It involves a 150-year-old local newspaper, with traditions steeped in a farming community, and a local boy who made the big time.
Robert Thomson’s career began in a newspaper office on the quiet main street of Echuca.
Today he has domain over a glass-front office within the News Corporation skyscraper on Avenue of Americas in the heart of New York.
Now he is editor-in-chief of America’s top-selling newspaper the Wall Street Journal, which is recognised globally for its innovation and digital publishing strategies.
This is the big time.
I visited him recently. It was one of those courtesy calls where you wonder what you’re going to say to someone recently profiled in New Yorker magazine as “Rupert’s best friend”.
There was no reason for fear, as Robert is remarkably friendly and personable.
As the meeting ended, I plonked a bottle of Aussie Shiraz – shamefully bought at the airport – on the table, and handed over a copy of the Association yearbook.
Immediately, he dived into it with the thirst of a man denied water. He went straight to one entry – the Riverine Herald.
Beaming, he animatedly pointed to it, saying: “My first newspaper. My local paper. Do you ever go there?”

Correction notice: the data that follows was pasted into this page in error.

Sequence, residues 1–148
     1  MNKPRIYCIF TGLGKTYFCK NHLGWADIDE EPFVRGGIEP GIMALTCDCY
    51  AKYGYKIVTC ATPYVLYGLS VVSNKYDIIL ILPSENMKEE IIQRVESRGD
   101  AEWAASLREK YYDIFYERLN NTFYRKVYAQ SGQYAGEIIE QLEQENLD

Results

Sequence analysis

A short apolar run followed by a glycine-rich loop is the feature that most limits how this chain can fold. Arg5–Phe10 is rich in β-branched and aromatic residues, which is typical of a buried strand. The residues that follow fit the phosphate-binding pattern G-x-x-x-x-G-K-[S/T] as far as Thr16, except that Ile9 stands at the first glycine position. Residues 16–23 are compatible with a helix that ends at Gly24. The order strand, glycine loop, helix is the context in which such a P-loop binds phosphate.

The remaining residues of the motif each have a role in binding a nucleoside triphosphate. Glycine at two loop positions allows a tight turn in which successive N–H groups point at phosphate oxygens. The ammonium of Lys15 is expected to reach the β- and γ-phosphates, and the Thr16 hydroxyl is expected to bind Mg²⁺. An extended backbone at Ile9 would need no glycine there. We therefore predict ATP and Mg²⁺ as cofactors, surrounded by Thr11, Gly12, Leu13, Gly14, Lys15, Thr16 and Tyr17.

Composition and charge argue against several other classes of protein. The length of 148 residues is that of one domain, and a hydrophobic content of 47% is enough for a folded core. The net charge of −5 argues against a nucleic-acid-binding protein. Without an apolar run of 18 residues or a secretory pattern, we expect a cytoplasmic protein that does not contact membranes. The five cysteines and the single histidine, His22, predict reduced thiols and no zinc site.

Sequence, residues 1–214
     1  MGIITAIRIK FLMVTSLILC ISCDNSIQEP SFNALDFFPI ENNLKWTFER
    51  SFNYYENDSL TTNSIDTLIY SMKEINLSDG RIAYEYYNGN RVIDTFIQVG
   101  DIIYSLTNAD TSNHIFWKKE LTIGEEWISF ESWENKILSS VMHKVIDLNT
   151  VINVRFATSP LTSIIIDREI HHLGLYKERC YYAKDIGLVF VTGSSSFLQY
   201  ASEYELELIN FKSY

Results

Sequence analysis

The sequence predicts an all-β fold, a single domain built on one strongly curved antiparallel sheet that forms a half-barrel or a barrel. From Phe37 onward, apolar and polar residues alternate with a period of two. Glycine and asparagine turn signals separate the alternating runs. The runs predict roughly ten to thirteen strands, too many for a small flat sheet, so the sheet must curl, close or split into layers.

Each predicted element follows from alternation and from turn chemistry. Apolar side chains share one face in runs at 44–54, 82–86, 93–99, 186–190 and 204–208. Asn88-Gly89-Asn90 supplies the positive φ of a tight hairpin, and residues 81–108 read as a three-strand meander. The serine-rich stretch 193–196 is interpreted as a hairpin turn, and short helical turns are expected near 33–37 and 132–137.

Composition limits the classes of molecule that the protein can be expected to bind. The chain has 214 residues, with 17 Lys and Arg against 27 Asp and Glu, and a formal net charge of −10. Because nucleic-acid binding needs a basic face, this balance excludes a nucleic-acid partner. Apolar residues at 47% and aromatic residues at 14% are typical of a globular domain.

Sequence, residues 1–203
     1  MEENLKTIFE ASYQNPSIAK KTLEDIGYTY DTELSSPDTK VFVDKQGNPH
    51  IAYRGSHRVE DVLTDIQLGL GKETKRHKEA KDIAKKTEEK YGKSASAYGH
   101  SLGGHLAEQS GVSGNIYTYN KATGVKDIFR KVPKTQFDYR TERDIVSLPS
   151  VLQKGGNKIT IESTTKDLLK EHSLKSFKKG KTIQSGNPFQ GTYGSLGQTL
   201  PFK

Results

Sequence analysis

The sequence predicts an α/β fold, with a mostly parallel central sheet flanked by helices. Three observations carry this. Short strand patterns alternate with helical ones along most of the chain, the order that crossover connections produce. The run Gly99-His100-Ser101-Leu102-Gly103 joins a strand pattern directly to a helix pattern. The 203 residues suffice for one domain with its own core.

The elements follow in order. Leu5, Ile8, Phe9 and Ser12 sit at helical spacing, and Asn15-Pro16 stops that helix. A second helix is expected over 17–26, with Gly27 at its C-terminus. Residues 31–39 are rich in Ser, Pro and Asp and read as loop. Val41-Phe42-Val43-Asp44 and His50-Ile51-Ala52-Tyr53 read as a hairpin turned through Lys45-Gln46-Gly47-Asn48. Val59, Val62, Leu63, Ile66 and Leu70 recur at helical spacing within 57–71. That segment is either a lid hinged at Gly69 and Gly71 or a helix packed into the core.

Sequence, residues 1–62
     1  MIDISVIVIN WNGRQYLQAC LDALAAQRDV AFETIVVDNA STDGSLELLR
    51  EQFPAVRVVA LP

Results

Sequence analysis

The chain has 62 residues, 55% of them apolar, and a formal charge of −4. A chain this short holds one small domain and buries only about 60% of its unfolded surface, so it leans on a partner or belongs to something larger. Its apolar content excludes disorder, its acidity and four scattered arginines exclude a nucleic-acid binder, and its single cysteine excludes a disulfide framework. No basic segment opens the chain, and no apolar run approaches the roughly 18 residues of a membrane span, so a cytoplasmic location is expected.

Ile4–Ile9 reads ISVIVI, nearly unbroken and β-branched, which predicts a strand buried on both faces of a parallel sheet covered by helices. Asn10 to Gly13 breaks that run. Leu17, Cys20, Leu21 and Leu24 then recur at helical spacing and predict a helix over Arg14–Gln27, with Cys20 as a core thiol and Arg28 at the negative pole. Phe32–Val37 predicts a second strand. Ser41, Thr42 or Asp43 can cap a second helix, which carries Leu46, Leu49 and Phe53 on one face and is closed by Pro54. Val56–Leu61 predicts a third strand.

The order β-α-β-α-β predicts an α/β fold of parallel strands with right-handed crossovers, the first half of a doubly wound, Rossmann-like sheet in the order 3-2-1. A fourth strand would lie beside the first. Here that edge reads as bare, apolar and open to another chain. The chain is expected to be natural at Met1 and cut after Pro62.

As it happens, I was due there in less than two weeks to present an Advertising Award.
“Hold on,” Robert says. “Don’t move.”
He disappears for five minutes and returns with a bag of Wall Street Journal loot – hats, cups and other marketing gizmos.
“Please give this to them. And make sure the young journalists get the caps.”
As promised, I made the drive from Sydney to Echuca, the bag of Wall Street Journal goodies sitting on the back seat.
The welcome was wonderfully warm. Local newspapers are a trove of camaraderie. Work stopped and everyone from all departments turned out for the presentation of the Ad Award.
There was more to come, of course. And it was Robert Thomson who stole the show.
Only a couple of colleagues knew of Robert’s history and his rise to be one of the most important journalists in the world.
Everyone was delighted at his generosity and the fact that he remembered his first newspaper so fondly.
The journalists of the Riverine Herald now proudly wear their Wall Street Journal caps around the office.